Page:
National Juneteenth Observance
Celebration of Freedom
Oklahoma recognize Juneteenth as a State Holiday or State Holiday Observance through a Bill, House Resolution, Senate Resolution or Joint Resolution.
State Senator Maxine Horner – 405-521-5598 (passed 1994)
JUNETEENTH BILL IN THE STATE OF OKLAHOMA
ENROLLED SENATE JOINT RESOLUTION NO. 21
By: Horner, Roberts, Brown, Monson, Williams (Penny) and Pierce of the Senate and Ross, Bryant (John), Cox, Toure and Sullivan of the House
A Joint Resolution relating to Juneteenth National Freedom Day; amending 25 O.S. 1991, Section 82.2, which relates to additional holidays; designating the third Saturday in June of each year as an official holiday; providing for codification; directing distribution; and declaring an emergency.
WHEREAS, more than 130 years old, Juneteenth National Freedom Day is the oldest and only African-American holiday observance in the United States. Also known as Emancipation Day, Emancipation Celebration, Freedom Day, Jun-Jun and Juneteenth. Juneteenth National Freedom Day commemorates the strong survival instinct of African-Americans who were first brought to this country stacked in the bottom of slave ships in a month-long journey across the Atlantic Ocean known as the Middle Passage; and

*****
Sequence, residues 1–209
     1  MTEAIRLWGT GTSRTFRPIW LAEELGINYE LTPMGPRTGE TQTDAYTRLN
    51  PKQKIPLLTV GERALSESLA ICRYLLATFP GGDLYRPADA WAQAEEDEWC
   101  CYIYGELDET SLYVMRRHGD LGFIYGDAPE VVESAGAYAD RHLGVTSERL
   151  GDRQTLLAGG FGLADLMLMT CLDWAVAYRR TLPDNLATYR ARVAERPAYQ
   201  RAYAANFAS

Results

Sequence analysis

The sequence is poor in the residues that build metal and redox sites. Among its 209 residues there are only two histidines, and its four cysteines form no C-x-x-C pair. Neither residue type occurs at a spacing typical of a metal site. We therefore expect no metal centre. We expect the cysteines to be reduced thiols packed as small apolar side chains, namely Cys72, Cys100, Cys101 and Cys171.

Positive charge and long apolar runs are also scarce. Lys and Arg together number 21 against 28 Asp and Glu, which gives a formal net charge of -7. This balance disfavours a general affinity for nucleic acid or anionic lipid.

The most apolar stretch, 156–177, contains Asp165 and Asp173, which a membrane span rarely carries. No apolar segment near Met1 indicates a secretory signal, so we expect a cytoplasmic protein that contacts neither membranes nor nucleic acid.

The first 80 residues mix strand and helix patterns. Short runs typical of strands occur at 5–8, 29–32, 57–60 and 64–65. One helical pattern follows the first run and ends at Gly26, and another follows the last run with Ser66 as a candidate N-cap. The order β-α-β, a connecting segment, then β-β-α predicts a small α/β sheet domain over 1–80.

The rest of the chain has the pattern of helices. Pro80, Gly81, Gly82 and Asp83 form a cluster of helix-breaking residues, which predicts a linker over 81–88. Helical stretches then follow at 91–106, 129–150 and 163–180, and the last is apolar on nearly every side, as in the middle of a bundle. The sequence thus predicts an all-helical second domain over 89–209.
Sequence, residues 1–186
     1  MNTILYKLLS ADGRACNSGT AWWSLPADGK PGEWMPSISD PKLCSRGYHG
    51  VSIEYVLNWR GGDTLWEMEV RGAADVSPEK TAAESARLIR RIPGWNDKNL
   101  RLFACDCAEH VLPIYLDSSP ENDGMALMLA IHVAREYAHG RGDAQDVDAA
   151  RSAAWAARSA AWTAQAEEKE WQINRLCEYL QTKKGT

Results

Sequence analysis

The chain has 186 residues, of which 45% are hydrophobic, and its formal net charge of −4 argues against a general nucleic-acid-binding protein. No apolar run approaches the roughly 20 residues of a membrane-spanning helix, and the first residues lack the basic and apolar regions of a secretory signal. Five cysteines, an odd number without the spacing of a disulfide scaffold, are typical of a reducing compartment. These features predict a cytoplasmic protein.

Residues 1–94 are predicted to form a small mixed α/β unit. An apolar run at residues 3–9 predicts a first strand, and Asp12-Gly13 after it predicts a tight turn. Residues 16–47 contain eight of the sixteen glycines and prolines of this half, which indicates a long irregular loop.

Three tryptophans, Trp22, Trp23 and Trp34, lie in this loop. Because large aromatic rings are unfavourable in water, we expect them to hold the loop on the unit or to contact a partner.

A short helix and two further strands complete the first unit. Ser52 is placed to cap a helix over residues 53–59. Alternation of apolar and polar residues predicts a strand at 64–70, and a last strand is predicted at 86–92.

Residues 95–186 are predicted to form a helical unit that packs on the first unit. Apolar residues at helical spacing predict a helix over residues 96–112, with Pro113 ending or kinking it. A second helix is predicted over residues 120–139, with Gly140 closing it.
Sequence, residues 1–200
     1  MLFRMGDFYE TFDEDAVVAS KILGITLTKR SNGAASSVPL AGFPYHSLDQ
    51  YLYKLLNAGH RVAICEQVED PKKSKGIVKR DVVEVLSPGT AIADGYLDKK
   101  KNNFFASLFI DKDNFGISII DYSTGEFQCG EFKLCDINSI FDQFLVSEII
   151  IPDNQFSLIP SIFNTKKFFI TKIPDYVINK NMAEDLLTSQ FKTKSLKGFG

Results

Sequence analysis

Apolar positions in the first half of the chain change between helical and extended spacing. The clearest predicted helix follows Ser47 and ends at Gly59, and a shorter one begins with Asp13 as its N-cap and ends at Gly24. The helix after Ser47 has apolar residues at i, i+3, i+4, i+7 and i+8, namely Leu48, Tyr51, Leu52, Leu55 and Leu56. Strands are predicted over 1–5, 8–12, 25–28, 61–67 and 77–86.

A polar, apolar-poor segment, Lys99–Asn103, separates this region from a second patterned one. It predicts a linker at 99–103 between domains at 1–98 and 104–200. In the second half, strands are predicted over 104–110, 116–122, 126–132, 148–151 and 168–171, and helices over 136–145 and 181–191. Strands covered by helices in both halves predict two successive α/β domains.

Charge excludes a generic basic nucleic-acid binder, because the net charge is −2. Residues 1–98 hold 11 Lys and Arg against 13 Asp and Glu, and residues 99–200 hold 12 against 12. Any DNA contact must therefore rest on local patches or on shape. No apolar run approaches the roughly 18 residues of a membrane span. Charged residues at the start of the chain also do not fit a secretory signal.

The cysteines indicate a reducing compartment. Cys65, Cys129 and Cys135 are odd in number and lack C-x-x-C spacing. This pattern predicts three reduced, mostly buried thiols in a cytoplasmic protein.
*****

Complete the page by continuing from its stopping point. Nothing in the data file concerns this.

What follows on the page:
WHEREAS, approximately eleven and one-half million African-Americans survived the voyage to the New World – the number that died is likely greater – only to be subjected to whipping, castration, branding and rape, and forced to submit to slavery for more than 200 years after arrival in the United States; and
WHEREAS, events in the history of the United States which led to the Civil War of 1861 centered around sectional differences between the North and South that were based on the economic and social divergence caused by the existence of slavery; and
WHEREAS, Abraham Lincoln was inaugurated as President of the United States in 1861. As President, Lincoln believed and stated that the paramount object of the Civil War was to save the Union rather than save or destroy slavery. Yet Lincoln had stated his wish was that all men everywhere could be free, thus adding to a growing anticipation by slaves that their ultimate liberation was at hand; and
WHEREAS, in 1862, the first clear signs that the end of slavery was imminent came when laws abolishing slavery in the territories of Oklahoma, Nebraska, Colorado and New Mexico were passed. In September of that same year, President Lincoln warned the eleven rebellious Confederate States that if they did not return to the Union by January 1, 1863, he would declare their slaves forever free via the celebrated Emancipated Proclamation; and
WHEREAS, enforcement of the Emancipation Proclamation, however, only occurred in Confederate States once under Union Army control. Congress subsequently passed the Thirteenth Amendment to the Constitution on January 31, 1865, abolishing slavery throughout the United States and its territories. News of this action reached the states at different times, and it was not until June 19, 1865, that the message of freedom reached the slaves in Texas, Oklahoma, Louisiana, Arkansas and California; and